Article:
- The second team meet with the theatre company and developed the performance, setting the show plan, the required message to be sent to the public and training the theatre company and rehearsing. The company had already prepared the script of the performance piece.
Workshop Second day 12th of December 2016.
The session was started by TSRN Director, Dr Brian Brivati. He welcomed the attendees, outlined the programme and explained how the project was working:
“Central to the challenge of combating the stigma attached to the survivors of sexual violence, is to link together different approaches to benefit the individual, challenge and perhaps changes norms of a community and society more broadly. There are therefore five dimensions to the current project, Policy, Law, Culture, Media and Health and the purpose of the workshops and individual meetings is to map out and understand the connections between each area so that policy responses and strategic communications can be aligned to maximize impact.”
In the preliminary discussions two issues came through as they had to an extent at the first seminar. Firstly, the claim was again made, and this time by a civil society actor, that sexual violence had not existed in Iraq before the advent of Daesh. When pushed on this point the argument was not that sexual violence had not existed but that it had not existed in the same violent form as it has under Daesh and that therefore it should be expected that Iraqi society and culture will have a challenging time tackling the issue. This lead into the second main discussion: what is the definition of sexual violence that is being used and how does it apply to the Iraqi case.
The debate was framed around the definition of sexual violence that encompasses the violence against an individual from someone unknown to that individual, violence in a relationship with a familial connection and violence perpetrated by state actors usually with impunity. There was a comfortable acceptance of the existence of stigma attached to survivors of the first category and the victims of Daesh were agreed to be placed here. There was much more resistance to the existence of the second and third categories and little agreement on the level or nature of the stigma attached to those who survive though an acceptance that it exists and that survivors need support to over come it.
These issues were not resolved but became focussed around a key underlying question. Is the priority in this kind of work to help the individual survivor find a route to recovery or is the priority to change the norms of society so that survivors can be accepted and can be given the help and support they need? It was agreed at the first workshop that awareness was key to both the individual and the collective challenges, and there was a general agreement that culture and media were central vehicles for addressing the needs of both the individual and the attitudes of a community. A number of delegates stressed that theatre played a particular part in Iraqi society and was, along with broadcast media, a potentially powerful tool in influencing attitudes and empowering change in individuals.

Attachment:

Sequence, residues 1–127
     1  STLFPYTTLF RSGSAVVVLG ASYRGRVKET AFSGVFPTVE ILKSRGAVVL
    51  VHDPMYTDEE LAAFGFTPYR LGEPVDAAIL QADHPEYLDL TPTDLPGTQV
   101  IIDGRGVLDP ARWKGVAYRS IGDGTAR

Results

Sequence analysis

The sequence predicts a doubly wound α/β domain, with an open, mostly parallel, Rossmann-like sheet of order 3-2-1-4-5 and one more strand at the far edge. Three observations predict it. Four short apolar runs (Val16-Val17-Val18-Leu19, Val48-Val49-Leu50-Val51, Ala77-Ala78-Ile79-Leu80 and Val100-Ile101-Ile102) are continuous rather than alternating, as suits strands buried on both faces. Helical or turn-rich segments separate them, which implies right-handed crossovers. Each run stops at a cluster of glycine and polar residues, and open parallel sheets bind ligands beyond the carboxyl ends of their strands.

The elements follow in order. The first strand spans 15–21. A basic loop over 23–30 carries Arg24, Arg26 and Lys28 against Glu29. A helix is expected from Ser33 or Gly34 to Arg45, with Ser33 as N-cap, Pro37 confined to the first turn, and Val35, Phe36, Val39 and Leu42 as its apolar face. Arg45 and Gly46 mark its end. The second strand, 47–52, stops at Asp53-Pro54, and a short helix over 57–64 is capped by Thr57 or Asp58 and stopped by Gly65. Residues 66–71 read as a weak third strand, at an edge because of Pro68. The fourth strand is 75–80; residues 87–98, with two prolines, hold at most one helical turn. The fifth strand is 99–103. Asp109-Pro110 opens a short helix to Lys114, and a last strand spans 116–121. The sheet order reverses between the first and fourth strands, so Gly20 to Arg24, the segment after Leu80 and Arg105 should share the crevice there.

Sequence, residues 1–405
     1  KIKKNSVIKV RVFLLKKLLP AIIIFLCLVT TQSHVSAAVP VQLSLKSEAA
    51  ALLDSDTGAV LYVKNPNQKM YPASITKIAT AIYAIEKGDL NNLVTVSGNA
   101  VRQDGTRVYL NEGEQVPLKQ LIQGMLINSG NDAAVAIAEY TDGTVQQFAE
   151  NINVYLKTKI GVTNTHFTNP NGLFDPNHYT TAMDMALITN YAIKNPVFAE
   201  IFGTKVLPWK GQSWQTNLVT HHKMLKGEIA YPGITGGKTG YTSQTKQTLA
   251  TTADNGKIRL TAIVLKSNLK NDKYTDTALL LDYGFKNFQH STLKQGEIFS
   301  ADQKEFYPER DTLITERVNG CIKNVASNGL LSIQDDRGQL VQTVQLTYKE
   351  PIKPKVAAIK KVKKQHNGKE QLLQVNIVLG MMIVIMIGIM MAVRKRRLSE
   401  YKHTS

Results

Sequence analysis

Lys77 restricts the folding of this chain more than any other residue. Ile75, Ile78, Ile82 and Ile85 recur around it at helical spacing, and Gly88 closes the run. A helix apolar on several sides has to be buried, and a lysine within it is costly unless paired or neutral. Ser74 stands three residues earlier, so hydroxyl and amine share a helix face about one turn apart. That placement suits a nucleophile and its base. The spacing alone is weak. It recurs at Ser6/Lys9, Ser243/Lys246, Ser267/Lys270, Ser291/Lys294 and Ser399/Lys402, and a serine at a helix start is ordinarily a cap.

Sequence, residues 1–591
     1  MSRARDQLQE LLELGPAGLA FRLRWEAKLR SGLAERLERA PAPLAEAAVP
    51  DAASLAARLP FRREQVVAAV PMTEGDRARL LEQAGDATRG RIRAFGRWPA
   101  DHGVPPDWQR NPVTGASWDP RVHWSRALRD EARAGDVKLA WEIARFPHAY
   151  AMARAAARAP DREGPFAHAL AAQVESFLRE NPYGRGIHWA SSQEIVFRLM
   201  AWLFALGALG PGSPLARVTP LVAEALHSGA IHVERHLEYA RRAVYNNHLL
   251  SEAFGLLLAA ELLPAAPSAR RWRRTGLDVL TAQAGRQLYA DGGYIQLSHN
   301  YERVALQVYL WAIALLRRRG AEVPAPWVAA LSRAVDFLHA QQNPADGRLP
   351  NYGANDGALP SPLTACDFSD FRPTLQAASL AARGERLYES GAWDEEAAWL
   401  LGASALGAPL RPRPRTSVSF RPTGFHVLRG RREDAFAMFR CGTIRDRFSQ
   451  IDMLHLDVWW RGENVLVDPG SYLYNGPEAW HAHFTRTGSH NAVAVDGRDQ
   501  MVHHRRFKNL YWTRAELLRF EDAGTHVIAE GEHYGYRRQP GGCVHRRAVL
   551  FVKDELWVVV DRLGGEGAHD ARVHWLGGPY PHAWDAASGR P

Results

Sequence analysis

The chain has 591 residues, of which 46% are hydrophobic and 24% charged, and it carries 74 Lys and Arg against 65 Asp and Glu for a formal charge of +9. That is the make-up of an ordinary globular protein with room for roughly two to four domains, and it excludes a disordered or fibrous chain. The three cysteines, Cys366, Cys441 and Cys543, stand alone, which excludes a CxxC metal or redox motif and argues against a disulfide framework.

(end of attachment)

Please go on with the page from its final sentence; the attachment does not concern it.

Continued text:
The focus for this workshop was on the use of Theatre, but this was intended to be as a starting point for a broader discussion of the use of media and communications in supporting survivors and challenging norms. Toby Gough, a director who has specialized in the delivery of workshop theatre in complex environments, see annex 1, worked with the actors on the first day to develop a piece of theatre that could demonstrate the power and effectiveness of this approach. He was introduced to the participants and gave them an idea of how using theatre in different areas of the world suffering from natural disasters, political, social and security problems was an effective way of increasing the awareness of these issues at individual and community levels.
His argument that theatre has been used in other places to increase local, national and international attention on issues such as the sexual abuse of women and children and other issues such as the prevalence of sexual violence amongst IDPs, resonated with the participants.